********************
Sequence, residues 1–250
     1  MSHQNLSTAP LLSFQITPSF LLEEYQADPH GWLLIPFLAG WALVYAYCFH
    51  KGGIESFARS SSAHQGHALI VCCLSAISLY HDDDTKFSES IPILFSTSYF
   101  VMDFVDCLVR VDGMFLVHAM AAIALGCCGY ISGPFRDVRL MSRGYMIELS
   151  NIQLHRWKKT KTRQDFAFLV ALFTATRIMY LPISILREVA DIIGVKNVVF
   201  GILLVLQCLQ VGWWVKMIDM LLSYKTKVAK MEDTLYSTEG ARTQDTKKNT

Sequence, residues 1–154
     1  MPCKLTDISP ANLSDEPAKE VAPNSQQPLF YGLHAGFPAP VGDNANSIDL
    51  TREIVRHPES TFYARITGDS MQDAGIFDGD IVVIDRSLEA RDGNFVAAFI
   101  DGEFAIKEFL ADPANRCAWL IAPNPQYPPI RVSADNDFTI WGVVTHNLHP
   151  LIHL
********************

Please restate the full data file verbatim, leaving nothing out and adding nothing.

Sequence, residues 1–250
     1  MSHQNLSTAP LLSFQITPSF LLEEYQADPH GWLLIPFLAG WALVYAYCFH
    51  KGGIESFARS SSAHQGHALI VCCLSAISLY HDDDTKFSES IPILFSTSYF
   101  VMDFVDCLVR VDGMFLVHAM AAIALGCCGY ISGPFRDVRL MSRGYMIELS
   151  NIQLHRWKKT KTRQDFAFLV ALFTATRIMY LPISILREVA DIIGVKNVVF
   201  GILLVLQCLQ VGWWVKMIDM LLSYKTKVAK MEDTLYSTEG ARTQDTKKNT

Sequence, residues 1–154
     1  MPCKLTDISP ANLSDEPAKE VAPNSQQPLF YGLHAGFPAP VGDNANSIDL
    51  TREIVRHPES TFYARITGDS MQDAGIFDGD IVVIDRSLEA RDGNFVAAFI
   101  DGEFAIKEFL ADPANRCAWL IAPNPQYPPI RVSADNDFTI WGVVTHNLHP
   151  LIHL